Thanks for helping to troubleshoot. I am using my Mac mini as a sharing server and I have both NFS and SMB setup although I only use NFS when streaming to my Vero 4K.
I haven’t edited anything nor added the port number to the NFS source and things were streaming fine until recent updates. I added SMB as a source to see if it was an NFS server issue but it still shows an error and wouldn’t play any video files I throw at it.
I have attempted to delete and readd the sources, both SMB and NFS. They populate the file and directories but would fail to play the video files.
I will try to do an iperf test soon once I have time but it doesn’t seem to be a network issue because I can remotely access my server externally and internally. The Vero 4K and Mac mini are connected to the same 2.5G switch over LAN as well.
You still have two source definitions with the same name <name>FireCuda 520</name>.
While I agree it might not be related to your issue it is also not correct. So maybe remove your sources.xml via command line and define them from scratch.
Also do the iperf3 test just to be sure.
Next suggestion would be to switch to kernel mounts.
Yes it has indeed been a while! I have been well, just started a regional Customer Success role 2 weeks ago and been busy. I hope you are well too!
I didn’t change anything in my network recently except perhaps upgrading my M1 Mac mini to MacOS Ventura 13.0.1 and I checked that my NFS configurations are still the same as before with NFS Manager 5.6.
I have a Raspberry Pi 2 that is still running March 2022 update and I tried to play back content with the same NFS source and it showed the same “One or more items failed to play” error. So I suspect it probably isn’t OSMC update that is causing this issue.
But as you can see, the iperf3 test checks out above. I have no issue accessing the server outside of my local network (via SMB and SFTP) as well. Really scratching my head on this one. If it was an NFS issue, it doesn’t explain why playback via SMB would fail too.
@sam_nazarko I checked through all my router and firewall settings and nothing has changed and I don’t have an issue mounting over SMB on my Mi Box S and playing back media using Android TV. All wired and connected on the same 2.5G switch.
@fzinken Yeah I think I will try to mount using autofs soon when I have time again and see how it goes.
At this point, I suspect it could be a MacOS Ventura issue - perhaps some part of the new OS update doesn’t play well with Linux/Debian mounting SMB/NFS. It seems like it would show all the file and directory listing fine on OSMC but just wouldn’t play any media or transfer files.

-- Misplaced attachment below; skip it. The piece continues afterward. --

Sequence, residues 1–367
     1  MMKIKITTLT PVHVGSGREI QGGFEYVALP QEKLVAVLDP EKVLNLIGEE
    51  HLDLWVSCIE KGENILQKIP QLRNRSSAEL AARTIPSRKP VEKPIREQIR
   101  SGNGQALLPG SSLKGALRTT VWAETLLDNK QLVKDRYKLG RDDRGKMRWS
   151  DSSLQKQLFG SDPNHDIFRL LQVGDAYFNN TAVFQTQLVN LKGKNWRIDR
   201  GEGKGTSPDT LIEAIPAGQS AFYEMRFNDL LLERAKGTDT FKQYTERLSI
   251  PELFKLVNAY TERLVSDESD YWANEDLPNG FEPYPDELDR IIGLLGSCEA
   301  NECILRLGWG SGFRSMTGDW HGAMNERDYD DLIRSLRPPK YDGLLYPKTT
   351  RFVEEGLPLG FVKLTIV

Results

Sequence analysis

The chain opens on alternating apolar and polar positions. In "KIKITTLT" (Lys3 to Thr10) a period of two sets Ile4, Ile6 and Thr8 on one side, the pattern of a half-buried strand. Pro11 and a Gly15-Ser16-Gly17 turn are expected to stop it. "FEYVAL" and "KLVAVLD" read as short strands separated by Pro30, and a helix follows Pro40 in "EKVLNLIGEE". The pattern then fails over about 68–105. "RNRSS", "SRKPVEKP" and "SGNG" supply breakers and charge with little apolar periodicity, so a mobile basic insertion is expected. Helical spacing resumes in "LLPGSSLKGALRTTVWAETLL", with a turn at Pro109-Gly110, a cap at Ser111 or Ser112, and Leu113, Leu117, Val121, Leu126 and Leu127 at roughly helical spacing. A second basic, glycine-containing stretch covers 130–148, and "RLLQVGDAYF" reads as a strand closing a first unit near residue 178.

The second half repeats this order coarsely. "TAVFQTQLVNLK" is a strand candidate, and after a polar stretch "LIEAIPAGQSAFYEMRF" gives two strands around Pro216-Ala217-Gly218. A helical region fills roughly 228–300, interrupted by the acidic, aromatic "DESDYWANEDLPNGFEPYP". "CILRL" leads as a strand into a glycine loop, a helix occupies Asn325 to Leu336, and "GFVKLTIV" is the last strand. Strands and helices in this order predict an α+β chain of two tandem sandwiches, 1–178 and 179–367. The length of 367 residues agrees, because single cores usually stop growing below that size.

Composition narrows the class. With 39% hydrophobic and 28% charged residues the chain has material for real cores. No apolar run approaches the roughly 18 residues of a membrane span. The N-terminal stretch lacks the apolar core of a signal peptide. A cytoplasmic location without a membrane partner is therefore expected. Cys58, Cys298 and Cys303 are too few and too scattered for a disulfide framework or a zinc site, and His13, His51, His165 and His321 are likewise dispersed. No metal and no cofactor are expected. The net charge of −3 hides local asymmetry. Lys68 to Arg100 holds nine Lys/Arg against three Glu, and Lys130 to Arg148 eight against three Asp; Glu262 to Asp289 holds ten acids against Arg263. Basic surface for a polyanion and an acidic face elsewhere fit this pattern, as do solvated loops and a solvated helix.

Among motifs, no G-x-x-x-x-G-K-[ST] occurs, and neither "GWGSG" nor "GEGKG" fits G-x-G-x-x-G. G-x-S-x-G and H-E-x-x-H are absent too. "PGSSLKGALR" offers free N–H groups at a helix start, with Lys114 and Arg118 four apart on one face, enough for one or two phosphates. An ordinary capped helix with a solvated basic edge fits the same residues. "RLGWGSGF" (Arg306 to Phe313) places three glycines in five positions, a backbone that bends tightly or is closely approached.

I have zero issues accessing the server via SMB and SFTP using Android file managers, video players etc. Both over internal and external networks. I have another Xiaomi TV Stick 4K and used MX Player to access my SMB server over the internet at another location (my office) and plays media just fine too. It’s just so weird.
Sorry for the lack of updates - I ended up using the autofs solution, it didn’t work for NFS but worked for SMB. There was someone else with the exact same issue as me after upgrading to MacOS Ventura.
Also found this on the known issue with MacOS Ventura Kernel/NFS:
The kernel of macOS Ventura may cause NFS communication problems with third-party operating systems if the buffer size is greater than 64 KiB: When macOS 13 or later tries to send data to NFS software of a different operating system type (especially Unix systems with “System V”-like behavior), the network connection may fail if a buffer size greater than 65,536 bytes is negotiated in send direction of macOS. This can affect both server and client features. Access on the client side stops responding, or experiences severe performance problems.
Workaround: This is a known issue with the kernel of macOS 13 or later. As a workaround, limit the NFS buffer on the client side for communication in direction to the non-macOS system to 65,536 bytes. For example, if macOS is used as a server, add the option “rsize=65536” to the mount command of the client. If macOS is used as a client, add “wsize=65536” to its mount command. The latter is equivalent to establishing the additional option Client Tuning > Write buffer size: 65536 in NFS Manager, either for the client, for each affected mount, or for each affected automount.